Family Provision Claims North Strathfield, Sydney, NSW.

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Representing eligible individuals in making or defending claims for additional provision from an estate under family provision legislation.

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At CG Legal, we understand that family provision claims can arise when individuals feel they have not been adequately provided for in an estate.

A family provision application is an appeal to the Supreme Court to obtain a share, or a larger share, from the estate of a deceased person.

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Our dedicated team of lawyers specialises in representing eligible individuals, both claimants and estate executors, in making or defending claims for additional provision under family provision legislation.

Our Family Provision Claims Services:

  • Claimant Representation: We provide compassionate and expert representation to eligible individuals who believe they have not been fairly provided for in a deceased person’s estate.

  • Executor Defense: Our team assists estate executors in defending against family provision claims, ensuring that the deceased’s intentions are respected while complying with legal obligations.

  • Legal Assessment: We thoroughly assess family provision claims to determine their merits and provide objective advice on the likelihood of success in pursuing or defending a claim.

  • Mediation and Negotiation: We aim to resolve family provision disputes through mediation and negotiation, seeking mutually acceptable outcomes without resorting to costly and lengthy court battles.

  • Litigation Support: When necessary, we provide robust litigation support, representing clients in court to protect their rights and interests in family provision matters.

Family Provision Applications North Strathfield, Sydney, NSW.

When a testator bears a responsibility to provide for an individual but fails to fulfill this duty, the disadvantaged party possesses the right to challenge the will by initiating a Family Provision Application. This legal entitlement is established by the Succession Act 1981, permitting eligible claimants to approach the Supreme Court to seek a reevaluation and potential redistribution of the deceased individual’s estate.

It’s essential to note that the court will solely entertain applications from individuals who meet the criteria as eligible claimants. In the context of Queensland, those who possess the legal standing to contest a will encompass the deceased’s spouse (both de facto and legally married, as well as those in registered partnerships) and children (including biological, adopted, and stepchildren). The final category of eligibility pertains to dependents of the deceased; however, this category is limited to individuals who fall into specific relationships with the deceased, such as the parent of the deceased, a parent of the deceased’s child, or a minor child.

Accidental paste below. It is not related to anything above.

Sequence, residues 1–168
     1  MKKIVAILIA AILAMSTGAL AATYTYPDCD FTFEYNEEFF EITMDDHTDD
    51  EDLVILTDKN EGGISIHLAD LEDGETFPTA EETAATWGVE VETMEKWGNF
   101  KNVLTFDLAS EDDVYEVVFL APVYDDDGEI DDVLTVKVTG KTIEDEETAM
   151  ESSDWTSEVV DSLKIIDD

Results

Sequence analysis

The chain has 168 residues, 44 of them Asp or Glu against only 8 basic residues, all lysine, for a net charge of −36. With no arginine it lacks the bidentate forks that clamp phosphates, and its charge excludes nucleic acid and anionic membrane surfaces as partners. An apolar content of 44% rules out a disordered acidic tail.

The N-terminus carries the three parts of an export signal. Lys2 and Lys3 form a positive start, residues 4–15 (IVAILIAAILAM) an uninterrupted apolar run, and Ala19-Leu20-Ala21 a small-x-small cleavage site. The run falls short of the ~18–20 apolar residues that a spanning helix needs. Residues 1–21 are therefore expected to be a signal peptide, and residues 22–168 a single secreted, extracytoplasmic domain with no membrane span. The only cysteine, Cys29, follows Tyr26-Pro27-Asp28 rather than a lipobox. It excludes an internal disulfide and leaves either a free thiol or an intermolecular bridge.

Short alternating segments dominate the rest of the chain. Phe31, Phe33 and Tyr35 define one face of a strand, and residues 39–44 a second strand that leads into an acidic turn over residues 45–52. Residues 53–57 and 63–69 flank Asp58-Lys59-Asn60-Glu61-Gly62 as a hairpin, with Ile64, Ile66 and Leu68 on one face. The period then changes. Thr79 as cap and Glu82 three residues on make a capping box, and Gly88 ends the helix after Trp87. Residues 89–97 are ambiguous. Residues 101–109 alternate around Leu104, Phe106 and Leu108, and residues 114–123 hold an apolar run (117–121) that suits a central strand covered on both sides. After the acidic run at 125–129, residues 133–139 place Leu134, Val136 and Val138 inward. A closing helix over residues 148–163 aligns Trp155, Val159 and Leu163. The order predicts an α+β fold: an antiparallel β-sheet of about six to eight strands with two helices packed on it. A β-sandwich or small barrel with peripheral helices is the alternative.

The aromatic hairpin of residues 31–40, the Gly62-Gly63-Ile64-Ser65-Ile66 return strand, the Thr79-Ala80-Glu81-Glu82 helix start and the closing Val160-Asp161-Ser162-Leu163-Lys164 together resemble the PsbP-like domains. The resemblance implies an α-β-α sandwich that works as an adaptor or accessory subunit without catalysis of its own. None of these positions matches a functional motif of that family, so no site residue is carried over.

You have the grounds to file a family provision claim if you meet the following criteria:

  1. Qualify as an ‘eligible person.’
  2. Find yourself excluded from the deceased’s will.
  3. Believe that you have not received what you rightfully should have.

The laws in each Australian state specify distinct timeframes within which a family provision claim must be initiated following the date of the individual’s passing. Consequently, seeking advice promptly is imperative to avoid missing the stipulated deadline in your respective state.

Who Qualifies for a Family Provision Claim?

Only individuals classified as ‘eligible persons’ have the legal standing to pursue a family provision claim. The term ‘eligible person’ encompasses:

  • The spouse or partner of the deceased, whether in a marital or de facto relationship (including same-sex couples).
  • Any child of the deceased, including those who were adopted.
  • Former spouses or partners of the deceased.
  • Individuals who were, at any given time, either wholly or partially dependent on the deceased, and who are either the deceased’s grandchild or resided within the same household at that particular time.
  • Persons who shared a close personal relationship with the deceased at the time of their passing.

If you fall into the category of an eligible person or suspect that you may meet the criteria for making a claim against the deceased’s estate, it is strongly advisable to seek legal counsel promptly.

When an eligible party submits a Family Provision application, the Supreme Court takes into account a range of factors that revolve around the claimant’s personal circumstances and the characteristics of the deceased estate. These factors are crucial in determining the outcome of the application:

The Deceased Estate: